News ID: 112831
Publish Date : 26 February 2023 - 21:42

JACKSON, Miss. (AP) — Random gunfire, repeated break-ins and a decaying city water system are constant challenges at Mom’s Dream Kitchen, the soul food restaurant Timothy Norris’ mother opened 35 years ago in Mississippi’s capital.
“I have some cousins that live in Ohio,” said Norris, who has spent most of his 54 years in Jackson and now owns the restaurant. “They came last year. They hadn’t been here in 22 years. They were completely shocked at Jackson.”
Citing rising crime, Mississippi’s Republican-controlled House recently passed a bill that would expand areas of Jackson patrolled by a state-run Capitol Police force and create a new court system with appointed rather than elected judges. Both would give white state government officials more power over Jackson, which has the highest percentage of Black residents of any major U.S. city.
The state Senate has also passed a bill to establish a regional governing board for Jackson’s long-troubled water system, with most members appointed by state officials. The system nearly collapsed last year and is now under control of a federally-appointed manager.
The proposals for state control have angered Jackson residents who don’t want their voices diminished in local government, and are the latest example of the long-running tensions between the Republican-run state government and the Democratic-run capital city.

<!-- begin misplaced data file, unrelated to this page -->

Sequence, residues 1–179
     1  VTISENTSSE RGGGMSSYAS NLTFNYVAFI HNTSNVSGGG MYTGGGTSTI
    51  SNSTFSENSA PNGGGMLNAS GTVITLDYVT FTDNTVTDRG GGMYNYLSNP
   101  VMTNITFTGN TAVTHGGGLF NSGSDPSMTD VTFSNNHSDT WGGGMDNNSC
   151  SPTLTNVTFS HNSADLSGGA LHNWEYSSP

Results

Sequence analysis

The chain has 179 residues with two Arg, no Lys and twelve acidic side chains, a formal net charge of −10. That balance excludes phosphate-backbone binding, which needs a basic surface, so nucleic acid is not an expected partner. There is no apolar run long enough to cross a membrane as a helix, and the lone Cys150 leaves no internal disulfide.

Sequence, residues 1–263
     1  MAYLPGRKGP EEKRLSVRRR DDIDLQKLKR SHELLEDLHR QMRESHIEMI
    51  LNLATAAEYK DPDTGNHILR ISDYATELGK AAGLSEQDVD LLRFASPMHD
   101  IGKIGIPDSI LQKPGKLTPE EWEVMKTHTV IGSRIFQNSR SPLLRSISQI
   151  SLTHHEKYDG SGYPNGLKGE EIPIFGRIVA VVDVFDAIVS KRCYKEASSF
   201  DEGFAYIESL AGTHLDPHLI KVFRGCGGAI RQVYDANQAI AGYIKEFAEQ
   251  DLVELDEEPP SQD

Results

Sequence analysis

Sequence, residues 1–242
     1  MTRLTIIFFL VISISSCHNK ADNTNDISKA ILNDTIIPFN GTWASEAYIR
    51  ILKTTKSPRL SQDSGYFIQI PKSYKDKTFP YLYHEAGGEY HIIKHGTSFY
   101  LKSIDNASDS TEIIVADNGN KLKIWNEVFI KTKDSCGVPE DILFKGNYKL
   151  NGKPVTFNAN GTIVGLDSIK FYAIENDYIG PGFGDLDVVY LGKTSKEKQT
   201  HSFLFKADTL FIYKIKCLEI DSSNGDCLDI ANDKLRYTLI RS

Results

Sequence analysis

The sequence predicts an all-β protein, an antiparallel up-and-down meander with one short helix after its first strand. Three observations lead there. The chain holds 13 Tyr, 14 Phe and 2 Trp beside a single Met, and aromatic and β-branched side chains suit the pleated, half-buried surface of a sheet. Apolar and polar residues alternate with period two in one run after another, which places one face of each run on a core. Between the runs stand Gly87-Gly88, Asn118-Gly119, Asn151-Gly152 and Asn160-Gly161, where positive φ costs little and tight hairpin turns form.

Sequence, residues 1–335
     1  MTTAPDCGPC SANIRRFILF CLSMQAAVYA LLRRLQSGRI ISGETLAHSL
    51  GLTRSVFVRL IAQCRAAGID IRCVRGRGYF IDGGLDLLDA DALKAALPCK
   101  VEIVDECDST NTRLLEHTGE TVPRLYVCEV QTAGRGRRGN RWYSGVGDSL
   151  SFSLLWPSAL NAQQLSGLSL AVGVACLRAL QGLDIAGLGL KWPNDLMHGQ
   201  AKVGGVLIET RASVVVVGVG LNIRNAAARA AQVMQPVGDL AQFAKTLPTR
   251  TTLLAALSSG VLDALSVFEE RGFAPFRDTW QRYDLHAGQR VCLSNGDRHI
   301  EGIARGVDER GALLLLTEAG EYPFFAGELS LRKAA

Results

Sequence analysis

“It’s really a stripping of power, and it’s happening in a predominantly Black city that has predominantly Black leadership,” said Sonya Williams-Barnes, a Democratic former state lawmaker who is now Mississippi policy director for the Southern Poverty Law Center Action Fund. “You don’t see this going on in other areas of the state where they’re run by majority white people.”
Norris notes state government officials have long been unwilling to help Jackson with the water system and other problems.
“We had to go through all this by ourselves. Solo,” he said. “Now, all of the sudden you want to come and take it and say, ‘OK, well, we’re going to take over.’ You know, treating us like kids. We’re not kids.”
Mayor Chokwe Antar Lumumba said the proposal for courts with appointed judges reeks of apartheid and “plantation politics.”
“If we allow this type of legislation to stand in Jackson, Mississippi, it’s a matter of time before it will hit New Orleans, it’s a matter of time before it hits Detroit, or wherever we find our people,” Lumumba said.
The sponsor of the expanded police and court bill, Republican Rep. Trey Lamar, from a rural town more than 170 miles (275 kilometers) north of Jackson, said it’s aimed at making Mississippi’s capital safer and at reducing a backlog in the judicial system.

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